I know at this point you're saying "we have no money to do this" but hear me out. 


  • At Sabrina's shelter, the staff worked with local small business owners to "sponsor" each one of these areas, so none of the cost came out of the shelter's operating budget. Work was done by volunteers with limited staff oversight.Even if materials had to be purchased, it was all extremely low cost - or even free (some construction sites donated leftover materials).


  • Vertical space is fully utilized with shelving along one side that also serves as a cat jungle gym and sleeping spots. This leave the floor space free for litter pans well separated from food and water. These spaces were built out of 2x4x8's cut to fit, with MDF (cheaper than plywood generally) in between. You may be able to find "leftovers" of these materials at construction sites/junkyards/Habitat's ReStore for free or a fraction of the cost at a retailer. 


  • The floor is sealed cement which is easily swept and mopped (and again, cheap compared to tile).


  • Old closet, office, and house doors (these were actually "leftovers") with a $2.78 gate latch were used as full height entrances to the habitats for feeding, cleaning, and snuggling. Rolls of welded wire fencing (literally pennies per foot even brand new) were used to enclose the areas.


  • Because vertical space is so fully utilized (floor to ceiling with built in ledges), these areas do not have a big "footprint" horizontally, so a row can house dozens and dozens of cats especially if there are 2-4 cats or kittens per area (depending on how wide you make them). 

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  • The larger areas are easier to keep clean; this encourages potential pet parents to go in and interact with the cats.


  • There is also room for those potential adopters to go in without having to reserve another area for interaction - its harder to take a cat to a meet and greet area than a dog and they tend to be more frightened by the occurrence which doesn't help the meet and greet go well. 


  • There is room for the cat's feeding area to be well away from litter pans, and open floor space for playtime.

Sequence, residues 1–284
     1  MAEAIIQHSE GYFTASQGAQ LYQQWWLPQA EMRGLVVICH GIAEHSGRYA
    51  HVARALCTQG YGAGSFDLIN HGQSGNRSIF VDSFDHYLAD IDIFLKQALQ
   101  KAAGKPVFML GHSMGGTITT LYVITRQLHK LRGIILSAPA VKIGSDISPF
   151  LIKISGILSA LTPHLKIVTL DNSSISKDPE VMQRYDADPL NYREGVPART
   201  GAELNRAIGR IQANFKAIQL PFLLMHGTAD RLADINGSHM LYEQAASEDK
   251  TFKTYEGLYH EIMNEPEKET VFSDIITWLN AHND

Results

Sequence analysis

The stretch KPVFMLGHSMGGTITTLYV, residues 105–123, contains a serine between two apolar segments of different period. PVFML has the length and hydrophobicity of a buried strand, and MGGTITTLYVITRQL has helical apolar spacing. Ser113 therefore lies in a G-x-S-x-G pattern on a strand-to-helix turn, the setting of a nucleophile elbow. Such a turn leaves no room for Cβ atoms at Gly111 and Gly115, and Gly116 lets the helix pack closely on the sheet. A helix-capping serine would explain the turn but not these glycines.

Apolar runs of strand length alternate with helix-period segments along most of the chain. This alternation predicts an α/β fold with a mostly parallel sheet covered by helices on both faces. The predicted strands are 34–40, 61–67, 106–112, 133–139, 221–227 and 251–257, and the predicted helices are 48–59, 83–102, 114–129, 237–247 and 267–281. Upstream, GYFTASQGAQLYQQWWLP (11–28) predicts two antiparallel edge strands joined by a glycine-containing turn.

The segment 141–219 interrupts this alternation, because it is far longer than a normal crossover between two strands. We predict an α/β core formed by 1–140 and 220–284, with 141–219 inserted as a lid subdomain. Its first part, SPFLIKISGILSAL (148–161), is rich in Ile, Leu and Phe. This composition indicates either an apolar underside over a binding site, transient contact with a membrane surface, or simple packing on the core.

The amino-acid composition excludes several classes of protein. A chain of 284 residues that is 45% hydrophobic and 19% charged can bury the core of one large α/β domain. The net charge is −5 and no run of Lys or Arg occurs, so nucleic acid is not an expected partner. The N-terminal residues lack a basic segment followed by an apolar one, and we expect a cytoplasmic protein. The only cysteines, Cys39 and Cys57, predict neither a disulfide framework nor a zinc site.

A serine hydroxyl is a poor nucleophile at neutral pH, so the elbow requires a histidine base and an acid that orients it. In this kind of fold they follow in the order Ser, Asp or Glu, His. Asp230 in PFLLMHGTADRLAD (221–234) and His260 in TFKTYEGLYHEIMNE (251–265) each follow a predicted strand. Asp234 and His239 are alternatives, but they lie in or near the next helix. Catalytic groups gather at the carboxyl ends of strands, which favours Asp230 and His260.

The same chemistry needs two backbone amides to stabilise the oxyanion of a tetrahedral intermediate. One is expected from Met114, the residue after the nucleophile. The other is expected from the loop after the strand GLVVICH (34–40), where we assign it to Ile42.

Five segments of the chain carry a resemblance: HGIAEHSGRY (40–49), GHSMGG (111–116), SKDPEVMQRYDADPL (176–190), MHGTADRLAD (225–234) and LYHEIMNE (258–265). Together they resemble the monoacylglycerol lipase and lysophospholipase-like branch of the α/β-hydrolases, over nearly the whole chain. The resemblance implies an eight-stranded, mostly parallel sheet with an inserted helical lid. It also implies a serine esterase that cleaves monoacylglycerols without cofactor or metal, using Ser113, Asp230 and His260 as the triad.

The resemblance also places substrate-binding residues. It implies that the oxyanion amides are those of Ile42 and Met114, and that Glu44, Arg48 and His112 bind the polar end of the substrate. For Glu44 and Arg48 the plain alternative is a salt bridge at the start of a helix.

A very large version of these can be created as a "group" room - even attached to a fenced (around and above) outdoor play area. 


So make friends at construction sites to get free "leftovers", ask your local boy/girl scout troop to volunteer some materials and or time for building, and the payoff will be healthier, happier, highly adoptable kittens and cats!

​Creating highly liveable, low-cost cat rooms 
at an animal shelter


In the age of  No Kill, cats may spend a longer amount of time in a shelter, giving them time - especially the older or special needs ones - to find a forever home.


My Garth spent over 7 months in a short cage with his small bed, water/food bowl all up against his tiny litter pan, resulting in his food, water, and/or bed having dirty litter in it and no room to play with his toys - there was just enough space for him to stand up and turn around and that was it. He was depressed, and so tended to huddle and was ignored and passed over when people came to adopt. I don't blame him - I don't know about you, but I don't generally like to eat next to my toilet..........

This is not uncommon, especially at Municipal Shelters, but many private shelters are similar. Their reasoning is the cat won't be there long but this is faulty logic, especially in No Kill municipalities. Also, having a cat in an environment like this often causes it to be sad and withdrawn, which lowers adoption speed and rates.

Clean cages and playing kitties = higher adoption rates. It's a statistical fact. And good adoption rates = more places willing to become No Kill.

My Sabrina was in a shelter for almost 2 years (special needs) but she had this environment.